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Provoking Disruptive Thinking at #LTNY

Provoking Disruptive Thinking at LTNY

Likeminded people tend to network or hang out with likeminded people – it’s a phenomenon that may hinder innovation in any industry, let alone legal. This was an underlying theme to Professor Luke Williams’ Legal Tech 2014 session: “Disrupt” for Lawyers – Think the Unthinkable to Spark Transformation in the Legal Industry on Tuesday.

Mr. Williams offered five steps to disruptive thinking:

  1. Draft a disruptive hypothesis
  2. Define a disruptive market opportunity
  3. Generate several disruptive ideas
  4. Shape a disruptive solution
  5. Make a disruptive pitch

Social proof with RFID

To prove the likeminded hypothesis, researchers challenged professional executives to attend a networking event with the goal of meeting as many different people as possible. Many accepted the challenge, noting they network to this end often, according to the presentation.

The researchers slipped RFID chips into their name tags in order to track every engagement. The results of this social experiment were telling: The lawyers met with other lawyers, the marketers chatted with other marketers and the accountants talked shop with other accountants. In other words, the likeminded hung out with the likeminded.

Provoke disruptive thinking

Disruptive thinking generally needs a provocation. Mr. Williams pointed out that people are creatures of habit, for example we function in daily commutes as if on autopilot.

What would provoke disruptive thinking during rush hour in a New York train station? Movement…or better still, the absence thereof, amid the hustle and bustle of commuters moving to and from trains.

A group of improvisionalists tackled this point in an event captured in video and widely circulated on YouTube. Two hundred people collaborated  to freeze in place for two minutes during the middle of a rush in New York’s Grand Central Station. Few things might jolt the mind into disruptive thinking like a break from the norm. The video shown nearby was shown during the session.

Disruptive opportunity lies in what is NOT broken

Socks are sold in pairs for a reason; after people generally have two feet. Mr. Williams briefly walked the isles of the Legal Tech 2014 session inspecting socks to ensure the audience was wearing a pair that matched.  He proved his point.

To that end, it may seem a tough case then to start a company on the idea of selling socks that do not match – and the concept sounds even more absurd when sold as a pack of three. Who would buy such a product? LittleMissMatched is a company that found a niche by thinking differently about a product that clearly was not broken.

A print magazine is an iPad that doesn’t work

In another example, Mr. Williams played a YouTube video, also posted nearby, of an infant playing first with an iPad and later a magazine. It appears quite convincingly that the child does in fact think the magazine is an iPad that does not work.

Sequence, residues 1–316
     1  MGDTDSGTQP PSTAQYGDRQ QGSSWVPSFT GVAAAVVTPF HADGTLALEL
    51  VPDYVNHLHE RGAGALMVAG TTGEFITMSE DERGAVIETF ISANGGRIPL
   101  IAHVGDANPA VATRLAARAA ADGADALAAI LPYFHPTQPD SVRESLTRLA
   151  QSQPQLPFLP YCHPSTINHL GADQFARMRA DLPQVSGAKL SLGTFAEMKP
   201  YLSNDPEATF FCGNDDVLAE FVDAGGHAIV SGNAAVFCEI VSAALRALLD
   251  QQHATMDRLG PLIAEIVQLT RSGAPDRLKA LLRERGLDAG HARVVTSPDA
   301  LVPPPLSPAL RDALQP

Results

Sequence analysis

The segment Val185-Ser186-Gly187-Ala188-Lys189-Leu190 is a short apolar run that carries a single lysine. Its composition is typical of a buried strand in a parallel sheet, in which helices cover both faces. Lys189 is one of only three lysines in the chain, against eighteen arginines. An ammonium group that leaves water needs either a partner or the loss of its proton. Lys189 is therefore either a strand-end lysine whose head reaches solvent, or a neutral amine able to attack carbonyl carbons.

Parents come to realize that children often speak (or act) with a frame of reference that is absent from the confines of our world view, or the view based on the experiences we’ve gained with time. Perhaps it’s the perspective of innocence; changing the frame of reference is quite literally thinking differently and a path toward disruptive thinking.

Cliché: widespread beliefs that govern the way people think about and do business in a particular space

What is the biggest cliché in the legal industry?

Mr. Williams defined a cliché as “widespread beliefs that govern the way people think about and do business in a particular space.” What is the biggest cliché in legal work? According to Mr. Williams it is billable hours.

It’s a process to with which the legal industry is comfortable. While certainly it’s not the only area, it is, Mr. Williams argues, one example within legal circles prime for disruption – think AFAs as a competitive advantage. Perhaps one way to put the ideas from this session into motion and begin disruptive thinking is seek out people that think differently at Legal Tech.

Your turn…what thoughts, comments or additions would you share with respect to Mr. Williams’ presentation?

Photo credit: Flickr via Creative Commons

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About Frank Strong

Frank Strong
Frank Strong is the communications director with Business of Law Software Solutions (BLSS) a division of LexisNexis. In this capacity he directs communications strategy and execution in support of BLSS products including those for large law, small law and corporate counsel. With 15 years in experience in the marketing communications for the high-tech sector, Strong previously served as director of PR for Vocus, which develops marketing, PR and media monitoring software. He’s held multiple roles in PR both in-house with corporations, and has also endured the rigors of billable hours, having completed gigs at PR firms both large and small. A veteran with two deployments, Strong has concurrently served in uniform in reserve components of the military for 20 years, initially as an enlisted Marine and later as an Army officer. Strong holds a BA in Film and TV production from Worcester University, an M.A. in Public Communication from American University, and an M.B.A. from Marymount University.


  1. […] for lawyers and marketing, Luke Williams a professor at NYU Stern, gave a key note speech on how to provoke disruptive thinking. The […]